The ultimate packing guide for a trip to New Zealand
With so many adventure experiences to be had in New Zealand, knowing what to pack can be confusing. Happily, we’ve made it easy with this essential travel packing list for New Zealand.
New Zealand has a predominantly temperate climate but its sheer geographical diversity means the weather can be both unpredictable and highly variable. With an infinite range of outdoor activities and adventures on offer, it’s important to follow a comprehensive travel packing list carefully.
“When travelling to a place like New Zealand, it's important to consider where and when you're going and what you're going to do,” says Daan Dijkstra, product specialist at Kathmandu. “You'll require specific garments and equipment based on location, season and activity. New Zealand is renowned for its fickle weather at times; four seasons in one day is not uncommon, and you will need to dress accordingly. You'll need different gear for a lazy beach holiday compared to a hardcore solo hike in the Southern Alps. Where, when and what should always be in the back of your mind when you're looking at what to take on your trip.”
Here are 20 essential items worth adding to your travel packing list for New Zealand:
Spring & Summer (September-February)
The ozone layer is thin in many parts of New Zealand, so in summer be sure pack high-level sun protection even if you think you’re immune to UV rays.
2. Trekking boots
With some of the most scenic trails anywhere in the world, you’ll need a decent pair of walking shoes that offer support on ragged paths. “Don't just bring a pair of jandals (Kiwi for thongs),” says Daan. “If you plan to go for a bit of a hike you'll need to bring sturdy shoes or boots with a good sole for some much-needed grip while exploring the New Zealand bush.”
3. Camera backpack
There are now a multitude of great compact DSLR backpacks available which double as day packs so you can carry multiple lenses (a wide angle is crucial for those landscape shots) as well as essentials for your outing.
4. Travel cards
Pre-load a travel card with local currency and avoid having to carry a chunky wallet while you’re out enjoying physical adventures.
5. Trekking poles
You might feel a bit strange using trekking poles for the first time but you’ll appreciate the support they offer when you’re on that rugged alpine trail to Mt Cook.
6. Waterproof rain jacket
They pack down to nothing and can make the difference between a miserable, soggy outing and an unforgettable day out.
7. Head torch
Camping, trekking, or just trying to find your way to the toilet in the dark without stubbing your toe on a tent peg, trust us, you’ll be glad you packed a head torch.
With turquoise glacial lakes and pristine ocean at every turn, stuff a pair in your day pack as you might want to cool off mid-trail.
9. Bug resistant spray or clothing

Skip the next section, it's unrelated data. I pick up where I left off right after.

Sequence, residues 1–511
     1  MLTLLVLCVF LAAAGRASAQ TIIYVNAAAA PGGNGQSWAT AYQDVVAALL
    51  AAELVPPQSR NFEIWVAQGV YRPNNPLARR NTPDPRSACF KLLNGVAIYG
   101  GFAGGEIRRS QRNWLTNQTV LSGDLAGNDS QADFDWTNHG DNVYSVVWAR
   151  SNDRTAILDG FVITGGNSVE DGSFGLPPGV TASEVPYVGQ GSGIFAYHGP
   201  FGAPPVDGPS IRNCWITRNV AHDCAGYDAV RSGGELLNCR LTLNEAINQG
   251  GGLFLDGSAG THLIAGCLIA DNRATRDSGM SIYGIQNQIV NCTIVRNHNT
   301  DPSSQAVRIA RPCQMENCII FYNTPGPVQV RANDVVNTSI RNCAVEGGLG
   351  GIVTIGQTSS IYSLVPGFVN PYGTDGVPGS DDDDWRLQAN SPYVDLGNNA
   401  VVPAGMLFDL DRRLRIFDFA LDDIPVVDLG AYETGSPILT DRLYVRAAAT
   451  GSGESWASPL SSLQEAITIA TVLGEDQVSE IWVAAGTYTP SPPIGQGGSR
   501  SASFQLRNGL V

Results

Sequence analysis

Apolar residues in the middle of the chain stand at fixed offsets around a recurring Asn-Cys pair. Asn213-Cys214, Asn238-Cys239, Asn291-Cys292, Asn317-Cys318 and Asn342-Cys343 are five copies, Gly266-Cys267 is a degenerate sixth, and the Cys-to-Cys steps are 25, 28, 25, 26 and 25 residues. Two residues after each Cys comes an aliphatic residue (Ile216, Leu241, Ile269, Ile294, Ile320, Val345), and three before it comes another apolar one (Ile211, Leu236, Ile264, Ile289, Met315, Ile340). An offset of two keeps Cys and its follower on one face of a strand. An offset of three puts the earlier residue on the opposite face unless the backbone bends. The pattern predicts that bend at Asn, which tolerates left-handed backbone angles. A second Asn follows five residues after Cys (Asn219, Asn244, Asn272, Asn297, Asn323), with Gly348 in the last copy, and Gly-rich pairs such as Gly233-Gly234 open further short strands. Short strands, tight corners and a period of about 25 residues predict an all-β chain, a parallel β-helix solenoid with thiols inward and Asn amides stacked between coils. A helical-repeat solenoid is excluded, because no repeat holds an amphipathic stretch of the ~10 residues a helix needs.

Sandflies can be a real annoyance in New Zealand. Ward them off with some good quality repellent. Daan recommends going one step further by investing in bug-resistant clothing. “New Zealand’s sandflies can be notoriously hungry for a sip of your blood. A great alternative is buzzGUARD insect repellent apparel; clothing that keeps mozzies and other creepy crawlies away.”
Kiwis can be surprisingly strict when it comes to ID, especially when it comes to serving alcohol. Avoid disappointment at the vineyard cellar door by keeping it handy.
Autumn & Winter (March-August)
In and around Queenstown can be mighty chilly during winter and a skinny pair of thermals will prove invaluable on and off the slopes. When it comes to choice of fibre, Daan believes merino is a winner. “Merino base layers are soft against the skin and odour resistant so you can wear them for longer. Merino also wicks away moisture from your skin and provides temperature regulation. Mother Nature at her best.”
Apparently we lose the majority of heat through our head. Keep it warm and your body will follow suit.
13. Go Pro
So much easier than attempting to ski or snowboard with a bulky camera, strap one of these diminutive bad boys to your helmet and capture all the action of your trip.
This compact, pocket-sized tool kit can prove priceless whether it’s tightening the bindings on your snowboard or popping the cap on a beer bottle.
15. Snowboarding gear
If you own it, bring it. It’s far preferable to queueing in rental shops to pull on ski boots that have seen hundreds of sweaty feet before yours.
Previously mentioned but always worth reinforcing: the temperature may be freezing, but the sun can burn in winter, especially when reflected off snow. Pack zinc or seriously high factor cream.
17. Portable charger
Don’t badger the barman at the après ski joint to use his phone charger, pack a pocket sized battery to keep your electronics juiced up.
18. Thick socks
Cold feet suck. Whether you’re trekking, boarding or just hanging out, pack a few pairs of thick socks to ensure you’re comfortable when the temperature drops.
19. Packing cells
Daan believes that packing cells are life changers for travellers. “Packing cells keep your gear organised and ready wherever you go. No more desperate digging in your pack, no more lost socks, no more moments of pure panic just before the bus leaves,” he says. “Use compression packing cells if you need to reduce the volume of your gear. You can even buy anti-odour packing cells to keep your smelly boots away from your clean gear.”
20. Insulated jacket
It packs into a compact ball and keeps you snug. An insulated jacket is also infinitely more travel-friendly than a bulky fleece and is pretty fashionable too.